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Eleven Years of CO2 Enrichment of a Scrub Oak Ecosystem
Seiler, T.J., Rasse, D.P., Li, J., Dijkstra, P., Anderson, H.P., Johnson, D.P., Powell, T.L., Hungate, B.A., Hinkle, C.R. and Drake, B.G. 2009. Disturbance, rainfall and contrasting species responses mediated aboveground biomass response to 11 years of CO2 enrichment in a Florida scrub-oak ecosystem. Global Change Biology 15: 356-367.

What was done
For a full eleven years, the authors enriched the air with an extra 350 ppm of CO2 within half of a set of sixteen open-top chambers that enclosed portions of a fire-regenerated Florida (USA) scrub-oak ecosystem, which was comprised of a mix of three oak species (Quercus myrtifolia, Q. geminata and Q. chapmanii) that accounted for about 90% of the total aboveground ecosystem biomass, plus several other plant species that accounted for the remaining 10% of the ecosystem biomass.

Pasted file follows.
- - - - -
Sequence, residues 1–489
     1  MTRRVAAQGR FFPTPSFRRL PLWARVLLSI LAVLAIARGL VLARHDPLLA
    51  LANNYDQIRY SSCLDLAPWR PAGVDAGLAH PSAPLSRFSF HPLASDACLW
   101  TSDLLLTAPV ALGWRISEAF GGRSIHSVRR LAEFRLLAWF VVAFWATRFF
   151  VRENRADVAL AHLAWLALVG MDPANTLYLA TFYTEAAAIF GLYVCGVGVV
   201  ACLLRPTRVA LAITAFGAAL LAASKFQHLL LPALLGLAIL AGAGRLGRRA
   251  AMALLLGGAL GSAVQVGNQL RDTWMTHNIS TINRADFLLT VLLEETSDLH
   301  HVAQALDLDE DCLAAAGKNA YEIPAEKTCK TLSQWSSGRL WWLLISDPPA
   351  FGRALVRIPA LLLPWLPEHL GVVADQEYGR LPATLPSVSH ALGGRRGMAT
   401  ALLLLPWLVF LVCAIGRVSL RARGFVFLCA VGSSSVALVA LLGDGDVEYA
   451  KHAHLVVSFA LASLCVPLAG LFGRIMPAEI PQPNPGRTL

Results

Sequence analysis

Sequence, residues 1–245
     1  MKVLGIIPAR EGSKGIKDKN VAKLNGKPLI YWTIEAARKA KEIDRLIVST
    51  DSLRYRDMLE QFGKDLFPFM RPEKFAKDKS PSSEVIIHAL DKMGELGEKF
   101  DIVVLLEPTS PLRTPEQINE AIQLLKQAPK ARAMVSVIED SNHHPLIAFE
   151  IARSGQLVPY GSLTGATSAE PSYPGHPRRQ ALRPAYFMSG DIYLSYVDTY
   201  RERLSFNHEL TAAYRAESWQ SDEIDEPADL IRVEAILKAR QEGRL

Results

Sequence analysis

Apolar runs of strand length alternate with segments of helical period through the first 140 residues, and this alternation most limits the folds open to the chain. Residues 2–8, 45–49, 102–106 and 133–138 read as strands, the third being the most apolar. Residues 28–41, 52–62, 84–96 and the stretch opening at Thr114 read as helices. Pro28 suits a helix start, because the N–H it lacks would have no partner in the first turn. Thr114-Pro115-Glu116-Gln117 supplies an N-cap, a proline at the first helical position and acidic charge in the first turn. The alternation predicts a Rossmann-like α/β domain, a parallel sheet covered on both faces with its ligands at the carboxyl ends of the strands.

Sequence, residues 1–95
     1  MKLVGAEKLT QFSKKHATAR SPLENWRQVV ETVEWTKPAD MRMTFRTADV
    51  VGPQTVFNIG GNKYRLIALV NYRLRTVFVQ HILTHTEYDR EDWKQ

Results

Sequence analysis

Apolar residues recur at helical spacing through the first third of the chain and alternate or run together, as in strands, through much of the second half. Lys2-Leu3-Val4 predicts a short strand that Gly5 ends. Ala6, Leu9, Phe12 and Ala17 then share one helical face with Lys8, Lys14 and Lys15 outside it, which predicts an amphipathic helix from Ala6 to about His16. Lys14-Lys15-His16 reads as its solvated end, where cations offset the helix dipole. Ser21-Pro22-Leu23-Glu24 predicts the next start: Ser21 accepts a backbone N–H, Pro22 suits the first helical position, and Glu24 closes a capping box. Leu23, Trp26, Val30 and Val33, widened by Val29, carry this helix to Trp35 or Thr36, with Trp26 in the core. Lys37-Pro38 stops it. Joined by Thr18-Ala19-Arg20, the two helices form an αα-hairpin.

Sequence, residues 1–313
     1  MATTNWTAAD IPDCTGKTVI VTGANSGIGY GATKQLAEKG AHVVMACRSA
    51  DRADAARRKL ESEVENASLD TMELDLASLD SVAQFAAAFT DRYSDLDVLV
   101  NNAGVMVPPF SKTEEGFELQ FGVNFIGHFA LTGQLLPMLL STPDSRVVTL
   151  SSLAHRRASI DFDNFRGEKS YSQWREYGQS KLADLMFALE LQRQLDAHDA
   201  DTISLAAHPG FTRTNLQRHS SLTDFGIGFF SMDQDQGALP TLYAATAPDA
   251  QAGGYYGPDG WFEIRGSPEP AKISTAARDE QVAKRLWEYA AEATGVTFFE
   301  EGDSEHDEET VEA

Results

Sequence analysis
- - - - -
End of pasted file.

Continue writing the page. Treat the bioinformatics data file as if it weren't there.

What was learned
Seiler et al. report that the relative growth-enhancing effect of the elevated atmospheric CO2 concentration on community biomass increased steeply during the first three years of their study, reaching 67.3% in 1999, and that this overall community biomass stimulation remained stable for the duration of the experiment, such that at the time of final harvest, the overall CO2-induced biomass stimulation was 67.5%. Breaking this result down just a bit, their data also indicated that the species specific CO2-induced biomass stimulation at the end of their study was a huge 128% for Q. myrtifolia, a minor 6% for Q. geminata, and a whopping 217% for Q. chapmanii, although the latter species was only responsible for about 3% and 6% of the total aboveground biomass in the ambient and CO2-enriched chambers, respectively.

What it means
The ten researchers say the results of their long-term study show that "atmospheric CO2 concentration had a consistent stimulating effect on aboveground biomass production." This is a typical finding of studies of long-lived woody plants that have been maintained for periods of several years, as is demonstrated by the results of several of them that are described and archived under Long-Term Studies (Woody Plants) in our Subject Index.

Kimball, B.A., Idso, S.B., Johnson, S. and Rillig, M.C. 2007. Seventeen years of carbon dioxide enrichment of sour orange trees: final results. Global Change Biology 13: 2171-2183.

Reviewed 29 April 2009